Collected Evidence: Collected Evidence: Re-wet moorland We have captured no evidence for the effects of re-wetting moorland on farmland wildlife. 'No evidence' for an action means we have not yet found any studies that directly and quantitatively tested this action during our systematic journal and report searches. Therefore we have been unable to assess whether or not the action is effective or has any harmful impacts. Please get in touch if you know of such a study for this action.  Collected, 24 Oct 2011 21:57:49 +0100Collected Evidence: Collected Evidence: Raise water levels in ditches or grassland Seven studies from Denmark, the Netherlands and the UK (two replicated controlled studies and two before-and-after studies) found that raising water levels in ditches or grassland was associated with increased bird numbers, breeding bird numbers, plant species that favour wet conditions, and invertebrate numbers or biomass in agricultural landscapes. Two replicated studies from the Netherlands and the UK found that raising water levels resulted in a net loss of plant species and did not affect lapwing foraging rate. A review found three studies reporting that re-wetting soils on old arable fields is not an effective method of reducing nutrient levels and restoring species-rich grassland. A replicated study from the UK found that unflooded pastures contained a high biomass of soil macroinvertebrates of importance to breeding wading birds. A controlled, randomized study from the Netherlands found that raising the water level resulted in a more rapid establishment of species typical of wet grassland, than vegetation management. A review of agri-environment schemes from the UK found studies that suggested more expensive agri-environment scheme options for wetland habitats, such as controlling water levels, were more effective at providing good habitat for wading birds than easier-to-implement options. Collected, 01 Nov 2011 21:14:13 +0000Collected Evidence: Collected Evidence: Remove flood defence banks to allow inundation One controlled before-and-after study from the UK found more bird territories and species on a stretch of river modified to allow inundation of river edges compared to a channelized section of river. One study from Belgium found that a combination of mowing and flooding resulted in increased plant species richness in meadow plots, but infrequently flooded, mown plots had more plant species than frequently flooded, non-mown plots.  Collected, 01 Nov 2011 21:17:40 +0000Collected Evidence: Collected Evidence: Manage heather by swiping to simulate burning A replicated controlled trial in Northern Ireland found that heather moorland subject to flailing to simulate burning had more plant species eight years after the management, than control unflailed plots, but fewer plant species than burned plots.  Collected, 14 Jan 2012 15:19:00 +0000Collected Evidence: Collected Evidence: Manage heather, gorse or grass by burning A long-term replicated controlled trial in Switzerland found that annual spring burning of calcareous grassland did not increase plant species richness relative to abandoned plots, after 15 years. A replicated controlled trial in Northern Ireland found that heather moorland subject to a single burn had more plant species eight years after the management, than control unburned plots.  Collected, 14 Jan 2012 15:22:28 +0000Collected Evidence: Collected Evidence: Create scrapes and pools Three studies from Sweden and the UK (including two site comparisons one of which was replicated) found that the creation of scrapes and pools provided habitat for a range of plant, invertebrate or bird species and resulted in increased aquatic macroinvertebrate diversity. One of these studies found constructed pools supported locally or nationally scarce species of plant and water beetle. A study in Sweden found that a combination of large surface area, high shoreline complexity and shallow depth resulted in increased bird, bottom-dwelling invertebrate and aquatic plant diversity. However there were fewer fish species than in natural wetlands. Two replicated studies from Ireland and the UK (one controlled paired study and a site comparison) found that bird visit rates were higher but invertebrate numbers varied in ditch-fed paired ponds compared with dry controls and total macroinvertebrate and beetle richness did not differ between artificial and natural ponds, although communities did differ.  Collected, 14 Jan 2012 15:30:46 +0000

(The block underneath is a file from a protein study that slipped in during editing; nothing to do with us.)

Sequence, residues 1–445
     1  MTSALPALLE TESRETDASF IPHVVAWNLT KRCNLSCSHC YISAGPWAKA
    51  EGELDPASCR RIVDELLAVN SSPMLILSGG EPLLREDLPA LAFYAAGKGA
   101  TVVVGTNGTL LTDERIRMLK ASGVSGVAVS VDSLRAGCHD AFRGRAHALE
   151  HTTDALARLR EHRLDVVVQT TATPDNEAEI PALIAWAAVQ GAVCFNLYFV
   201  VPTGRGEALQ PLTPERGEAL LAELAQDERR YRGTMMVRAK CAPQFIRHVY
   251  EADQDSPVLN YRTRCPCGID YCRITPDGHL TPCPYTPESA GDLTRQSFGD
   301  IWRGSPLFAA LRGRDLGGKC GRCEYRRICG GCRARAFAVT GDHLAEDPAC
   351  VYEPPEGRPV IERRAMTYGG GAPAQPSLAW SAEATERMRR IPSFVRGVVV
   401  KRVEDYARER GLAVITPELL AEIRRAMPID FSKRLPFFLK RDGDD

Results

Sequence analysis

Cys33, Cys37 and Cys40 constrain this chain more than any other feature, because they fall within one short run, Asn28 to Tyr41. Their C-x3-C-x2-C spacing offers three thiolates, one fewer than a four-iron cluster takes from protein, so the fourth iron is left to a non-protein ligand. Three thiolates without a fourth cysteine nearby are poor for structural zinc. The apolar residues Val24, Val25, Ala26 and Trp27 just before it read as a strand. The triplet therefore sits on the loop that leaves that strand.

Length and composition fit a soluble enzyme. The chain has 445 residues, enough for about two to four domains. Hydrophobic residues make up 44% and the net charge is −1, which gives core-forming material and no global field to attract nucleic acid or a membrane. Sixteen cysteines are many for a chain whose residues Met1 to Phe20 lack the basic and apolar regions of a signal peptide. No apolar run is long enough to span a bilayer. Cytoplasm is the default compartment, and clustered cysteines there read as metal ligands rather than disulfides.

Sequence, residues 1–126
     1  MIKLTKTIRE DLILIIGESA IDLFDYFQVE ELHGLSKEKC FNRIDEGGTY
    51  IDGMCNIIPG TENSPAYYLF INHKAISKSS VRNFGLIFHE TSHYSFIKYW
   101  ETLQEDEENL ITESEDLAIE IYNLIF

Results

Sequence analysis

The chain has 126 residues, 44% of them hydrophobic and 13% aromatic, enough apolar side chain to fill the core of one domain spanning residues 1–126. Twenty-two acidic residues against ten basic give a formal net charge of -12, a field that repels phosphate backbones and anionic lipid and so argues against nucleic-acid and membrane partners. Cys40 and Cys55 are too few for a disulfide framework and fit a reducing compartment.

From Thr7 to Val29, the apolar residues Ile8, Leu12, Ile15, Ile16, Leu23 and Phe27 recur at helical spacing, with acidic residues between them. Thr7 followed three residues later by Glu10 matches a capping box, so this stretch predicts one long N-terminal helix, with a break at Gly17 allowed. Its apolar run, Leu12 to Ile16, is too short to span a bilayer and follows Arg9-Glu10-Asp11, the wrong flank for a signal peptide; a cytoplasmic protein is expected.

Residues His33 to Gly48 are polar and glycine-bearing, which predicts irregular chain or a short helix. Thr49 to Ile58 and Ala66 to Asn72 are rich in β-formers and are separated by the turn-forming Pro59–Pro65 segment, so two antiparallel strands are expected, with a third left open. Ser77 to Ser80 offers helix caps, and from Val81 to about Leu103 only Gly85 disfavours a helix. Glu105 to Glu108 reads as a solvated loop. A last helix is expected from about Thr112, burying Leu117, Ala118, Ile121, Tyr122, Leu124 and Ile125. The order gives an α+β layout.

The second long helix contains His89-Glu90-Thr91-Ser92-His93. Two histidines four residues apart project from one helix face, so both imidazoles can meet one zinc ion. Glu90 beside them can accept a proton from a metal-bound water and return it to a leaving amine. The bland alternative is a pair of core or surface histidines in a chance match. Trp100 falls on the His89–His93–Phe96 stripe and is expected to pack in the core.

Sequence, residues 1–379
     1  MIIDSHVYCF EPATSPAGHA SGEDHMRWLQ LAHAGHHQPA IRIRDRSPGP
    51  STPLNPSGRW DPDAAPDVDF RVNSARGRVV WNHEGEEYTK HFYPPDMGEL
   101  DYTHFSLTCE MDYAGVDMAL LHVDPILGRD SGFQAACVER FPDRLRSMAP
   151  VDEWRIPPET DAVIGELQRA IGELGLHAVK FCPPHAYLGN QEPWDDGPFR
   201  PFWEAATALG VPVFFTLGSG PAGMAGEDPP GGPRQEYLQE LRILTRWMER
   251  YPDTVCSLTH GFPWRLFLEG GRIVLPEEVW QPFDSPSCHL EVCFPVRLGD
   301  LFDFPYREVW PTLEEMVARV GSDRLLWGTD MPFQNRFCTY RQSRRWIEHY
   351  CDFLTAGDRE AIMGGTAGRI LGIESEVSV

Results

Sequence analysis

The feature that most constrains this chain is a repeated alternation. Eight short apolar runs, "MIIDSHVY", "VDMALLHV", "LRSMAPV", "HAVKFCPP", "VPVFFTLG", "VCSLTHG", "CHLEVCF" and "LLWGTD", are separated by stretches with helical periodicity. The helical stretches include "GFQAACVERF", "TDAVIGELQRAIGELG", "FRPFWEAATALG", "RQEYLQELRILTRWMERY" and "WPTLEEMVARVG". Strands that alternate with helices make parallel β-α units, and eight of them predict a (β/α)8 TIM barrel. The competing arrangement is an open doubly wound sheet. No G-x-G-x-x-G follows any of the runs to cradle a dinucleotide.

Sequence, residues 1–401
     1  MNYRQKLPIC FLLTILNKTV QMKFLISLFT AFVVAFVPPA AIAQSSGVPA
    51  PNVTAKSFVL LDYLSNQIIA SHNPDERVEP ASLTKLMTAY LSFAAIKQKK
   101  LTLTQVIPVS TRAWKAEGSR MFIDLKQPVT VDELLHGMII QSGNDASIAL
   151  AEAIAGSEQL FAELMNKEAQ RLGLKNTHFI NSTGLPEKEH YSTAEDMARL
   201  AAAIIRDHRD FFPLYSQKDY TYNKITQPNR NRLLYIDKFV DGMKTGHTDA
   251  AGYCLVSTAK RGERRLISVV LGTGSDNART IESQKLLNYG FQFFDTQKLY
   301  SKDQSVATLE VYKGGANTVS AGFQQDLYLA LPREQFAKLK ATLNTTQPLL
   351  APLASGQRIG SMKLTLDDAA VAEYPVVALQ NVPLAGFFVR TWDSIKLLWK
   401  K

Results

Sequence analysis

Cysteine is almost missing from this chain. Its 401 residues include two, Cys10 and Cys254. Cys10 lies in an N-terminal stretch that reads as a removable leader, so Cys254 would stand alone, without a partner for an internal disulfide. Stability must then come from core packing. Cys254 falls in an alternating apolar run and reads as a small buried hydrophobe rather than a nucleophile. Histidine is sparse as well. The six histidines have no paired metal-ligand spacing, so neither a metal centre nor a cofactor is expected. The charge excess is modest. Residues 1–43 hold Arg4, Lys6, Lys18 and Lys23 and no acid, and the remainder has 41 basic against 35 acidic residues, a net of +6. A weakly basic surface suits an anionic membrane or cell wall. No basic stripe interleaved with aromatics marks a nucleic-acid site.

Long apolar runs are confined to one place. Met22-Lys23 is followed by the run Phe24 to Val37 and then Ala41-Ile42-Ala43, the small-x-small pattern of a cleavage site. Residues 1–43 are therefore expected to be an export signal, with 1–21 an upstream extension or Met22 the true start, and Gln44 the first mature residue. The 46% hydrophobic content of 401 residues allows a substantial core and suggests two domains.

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What Works in Conservation

What Works in Conservation provides expert assessments of the effectiveness of actions, based on summarised evidence, in synopses. Subjects covered so far include amphibians, birds, mammals, forests, peatland and control of freshwater invasive species. More are in progress.

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